For centuries we’ve had to learn to cope with many viruses and health issues and we’ve done it largely through advances in medicine and treatments, but also by changing our behaviours and following unwritten rules – isolating and staying away from school or work and getting tested and immunised to avoid spreading disease to others.
It is widely understood by experts that the coronavirus will become endemic — meaning that it will continue to circulate in pockets of the global population for years to come.
And although we will be able to manage it through modern medicine and vaccines, as we do with other endemics like influenza, it won’t just disappear.
A combination of acquired immunity and annual vaccines hopefully means we can tolerate the virus without seeing the levels of death, severe illness, lockdowns and social distancing that have been such a dramatic feature of Covid-19 in this country and across the world for well over a year.
We hope our successful mass vaccination programme will help us all get back to some kind of ‘normal’ where we can mix freely with friends and family and enjoy all the freedom of life and travel that we took for granted pre-early 2020.
While we know that no Covid-19 vaccine is 100% effective, it is still the absolute best way to protect yourself and those around you, so I still urge people to get vaccinated and get two doses.
Our Covid recovery in Doncaster is not just about successful vaccination or treatment for the symptoms of Long Covid - its legacy will also inevitably change the way we all access health and social care services in the future.
In common with the rest of the country, Doncaster’s health services had to rapidly adapt to the unfolding Coronavirus crisis.
GP surgeries didn’t close their doors but we had to change the way we welcomed people in – with mask-wearing, social distancing and through more telephone and online video consultations.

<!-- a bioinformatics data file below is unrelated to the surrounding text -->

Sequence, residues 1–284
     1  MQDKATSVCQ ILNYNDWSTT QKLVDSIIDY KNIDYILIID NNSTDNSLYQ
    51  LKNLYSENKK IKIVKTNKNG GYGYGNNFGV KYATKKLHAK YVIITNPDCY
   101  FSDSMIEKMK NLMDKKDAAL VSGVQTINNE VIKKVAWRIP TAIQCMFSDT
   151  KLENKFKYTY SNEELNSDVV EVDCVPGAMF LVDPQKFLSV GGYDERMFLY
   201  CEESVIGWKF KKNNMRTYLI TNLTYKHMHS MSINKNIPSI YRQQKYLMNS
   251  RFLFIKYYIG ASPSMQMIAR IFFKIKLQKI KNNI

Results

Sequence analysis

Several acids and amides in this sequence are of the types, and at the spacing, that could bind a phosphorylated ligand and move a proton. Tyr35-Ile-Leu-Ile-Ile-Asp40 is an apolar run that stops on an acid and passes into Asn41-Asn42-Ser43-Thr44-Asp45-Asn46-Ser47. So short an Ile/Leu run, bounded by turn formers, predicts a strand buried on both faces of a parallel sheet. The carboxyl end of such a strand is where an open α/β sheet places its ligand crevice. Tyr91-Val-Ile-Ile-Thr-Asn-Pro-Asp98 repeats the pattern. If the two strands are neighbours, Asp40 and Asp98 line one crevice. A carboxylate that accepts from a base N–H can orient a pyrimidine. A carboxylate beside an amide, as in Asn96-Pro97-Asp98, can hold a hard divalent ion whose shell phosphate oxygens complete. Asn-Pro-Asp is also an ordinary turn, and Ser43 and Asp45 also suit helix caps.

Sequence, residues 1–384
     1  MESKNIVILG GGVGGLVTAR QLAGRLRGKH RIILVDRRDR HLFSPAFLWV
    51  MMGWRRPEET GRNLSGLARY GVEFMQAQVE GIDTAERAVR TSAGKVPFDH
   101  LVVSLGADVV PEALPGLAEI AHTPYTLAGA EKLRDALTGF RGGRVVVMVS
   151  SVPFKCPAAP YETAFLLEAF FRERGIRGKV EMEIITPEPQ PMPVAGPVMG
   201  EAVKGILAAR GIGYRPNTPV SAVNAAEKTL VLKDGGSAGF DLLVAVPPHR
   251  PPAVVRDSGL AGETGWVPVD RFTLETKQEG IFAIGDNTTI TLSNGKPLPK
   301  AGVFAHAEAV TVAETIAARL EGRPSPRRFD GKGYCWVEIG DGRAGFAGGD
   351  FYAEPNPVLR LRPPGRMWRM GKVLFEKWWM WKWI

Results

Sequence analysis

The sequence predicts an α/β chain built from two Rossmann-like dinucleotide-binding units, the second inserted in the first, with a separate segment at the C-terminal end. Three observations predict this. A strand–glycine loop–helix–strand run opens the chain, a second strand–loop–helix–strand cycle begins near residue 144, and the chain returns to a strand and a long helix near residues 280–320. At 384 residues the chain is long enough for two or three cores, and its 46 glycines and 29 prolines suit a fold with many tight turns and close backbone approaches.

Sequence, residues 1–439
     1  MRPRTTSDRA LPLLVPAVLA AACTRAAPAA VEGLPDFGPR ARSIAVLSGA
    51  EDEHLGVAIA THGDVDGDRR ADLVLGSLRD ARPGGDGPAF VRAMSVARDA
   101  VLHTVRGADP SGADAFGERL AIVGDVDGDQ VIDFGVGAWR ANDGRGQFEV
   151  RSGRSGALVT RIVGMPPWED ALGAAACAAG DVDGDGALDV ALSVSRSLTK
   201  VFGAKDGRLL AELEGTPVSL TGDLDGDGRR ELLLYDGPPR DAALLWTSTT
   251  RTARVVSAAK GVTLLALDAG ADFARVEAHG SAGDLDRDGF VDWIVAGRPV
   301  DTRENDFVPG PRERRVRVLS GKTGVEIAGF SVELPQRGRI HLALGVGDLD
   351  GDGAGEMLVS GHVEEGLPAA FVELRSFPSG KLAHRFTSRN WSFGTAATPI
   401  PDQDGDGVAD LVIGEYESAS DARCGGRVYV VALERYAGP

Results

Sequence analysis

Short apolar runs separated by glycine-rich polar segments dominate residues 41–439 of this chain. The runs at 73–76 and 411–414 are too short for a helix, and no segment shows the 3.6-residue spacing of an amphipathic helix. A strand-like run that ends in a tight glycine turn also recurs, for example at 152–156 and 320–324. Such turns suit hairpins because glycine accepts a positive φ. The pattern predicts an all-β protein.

Much debate is ongoing as to how patients should access their doctors effectively and efficiently in the future.
Many are considering a blended approach combining face-to-face consultations, online/video meetings and consultations or appointments by telephone.
There are also plans nationally to make use of other digital innovations in the future such as monitoring devices for patients to wear.
Despite these advances and changes which many GPs will embrace, we are mindful that there are people, including the elderly, learning disabled and those with language barriers, who won’t be able to access online or digital systems.
For these reasons please be assured we will never close the door to our GP surgeries.
Reinstating routine and essential health services for everyone is a top priority but we still have to juggle the demands of another round of Covid vaccination boosters for the over 50s this autumn and the winter flu jab programme, so while you can and will be able to opt for face-to-face appointments, the increased use of virtual consultations for other health matters will help us enormously.
It’s no secret that the pandemic has put extra pressure on hospital services with a backlog of patients waiting for planned surgery, and mental health services in Doncaster have seen a large increase in demand.
While more funding and extra support is being made available to help us all catch up, we will continue to urge people to use services other than GPs or the hospital’s Accident and Emergency department where they can.
Pharmacies for example offer a huge range of information, advice and medication for many ailments.
The health community in Doncaster is working together to explore and provide different ways to help us see patients quicker. You might be offered an appointment or specialist care elsewhere other than the hospital or be given an appointment in the evening or at a weekend.
We do understand people’s frustrations when they think they can’t get instant access to their GPs or their operations have been postponed, but we are working hard together to support everyone in the best and most practical ways possible as we move towards a ‘new normal’ and learn to live with the continuing legacy of Covid.
Thank you all for your continued patience and understanding.